The Reserve Bank shocked lenders and borrowers alike with it’s big August Cash Rate cut sending the market into a spin and lenders scurrying to outdo each other on rates in a mortgage rate battle that could leave buyers with a smile on their face.
OCR Shock: the dust is still settling from the Reserve Banks shock 50 basis point (bps) cut to the Official Cash Rate (OCR) in early August. It was double what the market was expecting, such large cuts are rare and have usually followed major global or domestic events such as the 9/11 terrorists attacks, the GFC and after the Christchurch Earthquake. The Reserve Bank justified the cut because of slowing GDP growth and rising economic headwinds with the aim of keeping inflation within their target band of 1-3% and maintaining strong employment.
Rates: Borrowers would have been smiling at the size of the cut and the shock move caught lenders off guard. In the hours and days after the announcement there was a flurry of press releases and rate reductions. Floating rates moved first and furthest, while fixed rate reaction was a little more mixed with some banks making some smaller cuts and others leaving several key fixed rates as they were initially. As we moved past ground zero, lenders found their feet, more cuts followed and things have certainly become more competitive over the last few weeks. Also, for the first time in a few years lenders are dropping their assessment rates, some by as much as 0.80% which has a significant impact on how much you can borrow. The situation is fluid and we are keeping a very close eye on what’s on offer. If you’re trying to make sense of the various rate offers, please get in touch and I can provide a clear picture of where things stand daily and who has the sharpest pencil when it comes to cutting a deal.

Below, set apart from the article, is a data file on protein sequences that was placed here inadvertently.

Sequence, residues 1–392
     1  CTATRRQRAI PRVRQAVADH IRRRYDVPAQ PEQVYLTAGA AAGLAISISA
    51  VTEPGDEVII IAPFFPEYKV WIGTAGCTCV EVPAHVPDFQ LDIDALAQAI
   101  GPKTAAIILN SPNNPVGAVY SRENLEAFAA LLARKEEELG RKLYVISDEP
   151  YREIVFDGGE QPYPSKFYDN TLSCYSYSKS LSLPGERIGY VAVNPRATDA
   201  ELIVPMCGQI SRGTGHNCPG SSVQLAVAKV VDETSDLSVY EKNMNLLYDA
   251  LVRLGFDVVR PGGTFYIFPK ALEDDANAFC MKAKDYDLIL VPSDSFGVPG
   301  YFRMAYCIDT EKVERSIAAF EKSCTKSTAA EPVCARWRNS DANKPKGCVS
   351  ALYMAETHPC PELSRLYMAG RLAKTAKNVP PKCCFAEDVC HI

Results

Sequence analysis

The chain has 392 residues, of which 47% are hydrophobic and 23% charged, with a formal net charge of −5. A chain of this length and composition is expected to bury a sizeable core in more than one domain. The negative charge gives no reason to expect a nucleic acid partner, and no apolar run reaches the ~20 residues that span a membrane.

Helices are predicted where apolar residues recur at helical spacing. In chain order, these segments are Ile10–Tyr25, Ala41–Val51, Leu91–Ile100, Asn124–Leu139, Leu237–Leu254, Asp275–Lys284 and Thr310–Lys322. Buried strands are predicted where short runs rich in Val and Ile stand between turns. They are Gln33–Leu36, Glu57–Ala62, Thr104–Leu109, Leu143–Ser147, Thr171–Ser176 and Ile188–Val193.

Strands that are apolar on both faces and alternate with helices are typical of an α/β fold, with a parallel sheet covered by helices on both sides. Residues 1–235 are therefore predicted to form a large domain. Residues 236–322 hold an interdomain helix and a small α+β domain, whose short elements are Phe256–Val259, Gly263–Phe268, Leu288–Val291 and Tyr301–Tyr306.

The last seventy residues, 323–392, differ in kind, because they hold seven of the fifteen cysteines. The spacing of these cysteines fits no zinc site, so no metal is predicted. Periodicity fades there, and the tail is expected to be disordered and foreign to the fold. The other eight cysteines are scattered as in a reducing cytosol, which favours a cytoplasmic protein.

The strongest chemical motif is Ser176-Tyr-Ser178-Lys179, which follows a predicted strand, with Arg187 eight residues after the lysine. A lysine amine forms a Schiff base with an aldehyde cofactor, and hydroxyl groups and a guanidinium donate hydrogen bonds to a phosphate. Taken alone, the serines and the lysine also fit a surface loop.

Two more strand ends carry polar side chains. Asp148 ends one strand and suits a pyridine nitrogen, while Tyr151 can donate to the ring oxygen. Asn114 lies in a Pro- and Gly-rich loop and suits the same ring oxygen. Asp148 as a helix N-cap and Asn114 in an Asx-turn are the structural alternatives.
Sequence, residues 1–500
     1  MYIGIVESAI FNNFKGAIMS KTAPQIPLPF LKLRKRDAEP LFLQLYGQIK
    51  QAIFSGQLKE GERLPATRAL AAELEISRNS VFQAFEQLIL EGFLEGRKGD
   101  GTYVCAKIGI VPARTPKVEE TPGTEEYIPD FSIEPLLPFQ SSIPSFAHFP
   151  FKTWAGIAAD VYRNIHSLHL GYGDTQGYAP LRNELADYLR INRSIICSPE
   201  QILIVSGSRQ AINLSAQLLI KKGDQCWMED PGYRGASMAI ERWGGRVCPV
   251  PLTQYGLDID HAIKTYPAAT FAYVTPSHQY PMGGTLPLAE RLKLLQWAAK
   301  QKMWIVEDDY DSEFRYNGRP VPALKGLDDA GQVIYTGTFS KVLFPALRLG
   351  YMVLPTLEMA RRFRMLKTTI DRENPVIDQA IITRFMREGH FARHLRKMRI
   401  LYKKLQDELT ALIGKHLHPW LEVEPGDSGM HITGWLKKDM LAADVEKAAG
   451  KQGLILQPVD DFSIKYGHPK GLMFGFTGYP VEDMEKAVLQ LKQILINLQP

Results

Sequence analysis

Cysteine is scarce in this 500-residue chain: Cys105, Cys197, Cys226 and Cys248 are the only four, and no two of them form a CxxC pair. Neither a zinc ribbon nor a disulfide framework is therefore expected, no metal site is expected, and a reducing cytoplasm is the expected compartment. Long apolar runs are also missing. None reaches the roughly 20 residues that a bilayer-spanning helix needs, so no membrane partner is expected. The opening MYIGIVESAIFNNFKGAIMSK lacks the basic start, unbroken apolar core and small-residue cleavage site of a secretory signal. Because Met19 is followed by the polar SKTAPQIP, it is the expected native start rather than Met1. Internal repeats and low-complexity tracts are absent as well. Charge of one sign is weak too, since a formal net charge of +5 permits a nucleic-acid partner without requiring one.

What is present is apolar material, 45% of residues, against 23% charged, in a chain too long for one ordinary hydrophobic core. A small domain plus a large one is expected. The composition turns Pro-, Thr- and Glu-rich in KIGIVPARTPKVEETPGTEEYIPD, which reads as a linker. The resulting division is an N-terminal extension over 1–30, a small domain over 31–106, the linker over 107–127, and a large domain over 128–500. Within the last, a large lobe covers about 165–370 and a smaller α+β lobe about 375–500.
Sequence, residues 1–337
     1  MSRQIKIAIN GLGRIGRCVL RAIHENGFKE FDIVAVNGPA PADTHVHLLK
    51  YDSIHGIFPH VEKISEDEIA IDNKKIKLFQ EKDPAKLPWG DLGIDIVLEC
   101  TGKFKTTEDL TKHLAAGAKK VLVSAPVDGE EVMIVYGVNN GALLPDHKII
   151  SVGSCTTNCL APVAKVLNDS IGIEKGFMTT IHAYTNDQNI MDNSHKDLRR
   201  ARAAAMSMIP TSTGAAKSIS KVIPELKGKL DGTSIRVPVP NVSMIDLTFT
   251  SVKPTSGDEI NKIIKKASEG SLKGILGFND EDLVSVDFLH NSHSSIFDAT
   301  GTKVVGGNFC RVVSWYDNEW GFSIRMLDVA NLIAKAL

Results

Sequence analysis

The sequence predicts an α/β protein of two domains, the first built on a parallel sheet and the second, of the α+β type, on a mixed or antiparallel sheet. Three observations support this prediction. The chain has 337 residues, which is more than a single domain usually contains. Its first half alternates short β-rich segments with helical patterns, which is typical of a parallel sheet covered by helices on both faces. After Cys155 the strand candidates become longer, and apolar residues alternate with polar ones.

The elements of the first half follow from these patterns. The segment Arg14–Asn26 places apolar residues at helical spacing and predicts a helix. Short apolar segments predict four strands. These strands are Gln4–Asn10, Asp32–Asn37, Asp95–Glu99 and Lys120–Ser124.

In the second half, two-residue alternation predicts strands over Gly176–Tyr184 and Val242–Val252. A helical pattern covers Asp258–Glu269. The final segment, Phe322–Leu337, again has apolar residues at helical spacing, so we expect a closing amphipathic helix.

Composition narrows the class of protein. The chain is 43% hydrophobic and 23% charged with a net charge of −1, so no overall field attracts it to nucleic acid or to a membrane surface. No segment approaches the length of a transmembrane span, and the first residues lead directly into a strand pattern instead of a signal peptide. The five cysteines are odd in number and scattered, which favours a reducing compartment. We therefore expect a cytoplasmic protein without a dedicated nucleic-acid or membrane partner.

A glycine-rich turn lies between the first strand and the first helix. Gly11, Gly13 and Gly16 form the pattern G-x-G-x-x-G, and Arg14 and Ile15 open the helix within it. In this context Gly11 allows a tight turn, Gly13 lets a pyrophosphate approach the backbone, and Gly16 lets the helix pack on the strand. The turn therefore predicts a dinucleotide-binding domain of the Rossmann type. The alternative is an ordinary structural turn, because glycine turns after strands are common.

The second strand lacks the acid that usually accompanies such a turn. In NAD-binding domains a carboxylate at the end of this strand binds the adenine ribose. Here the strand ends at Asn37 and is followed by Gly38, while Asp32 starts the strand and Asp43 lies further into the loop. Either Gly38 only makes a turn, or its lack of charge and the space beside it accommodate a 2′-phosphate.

Where to next for rates? Most commentators see business confidence remaining low, inflation sitting within its target band and ongoing global uncertainty around Trump’s trade war with China, meaning there will be continued downward pressure on the OCR and home loan rates. ASB chief economist Nick Tuffley was forecasting a further 25bp cut to 0.75%, in November, stating Global risks around US-China tensions and added Brexit uncertainty. However there are limits. New Zealand banks need to raise 75% of their funds domestically from deposits to lend back out to borrowers and that means they need to offer at least some sort of carrot to savers in the form of an interest rate. This is a bit of a hand brake on future interest rate falls.
What if I’m renting? It’s a bit of a mixed bag for renters. Rental increases, while still up year on year, fell month on month which could finally indicate a slowdown after years of steadily increasing rental prices. Lower interest rates provide an opportunity to make the jump into home ownership, but at the same time meager returns on savings will see deposit growth slow. The kiwi dollar dropping on the back of the OCR announcements won’t help with the cost of imported goods and services so buying power could decrease, making it harder to save also.
This article was supplied by Bruce Patten, a Loan Market mortgage broker since 2002 who has written over $1 Billion in home loans for his client and is considered one of the most experienced mortgage brokers in Auckland.
Bruce is always on hand to answer any questions you may have about loans or anything around the loan process. Get in touch with him anytime by phone (021 661 114) or email (firstname.lastname@example.org).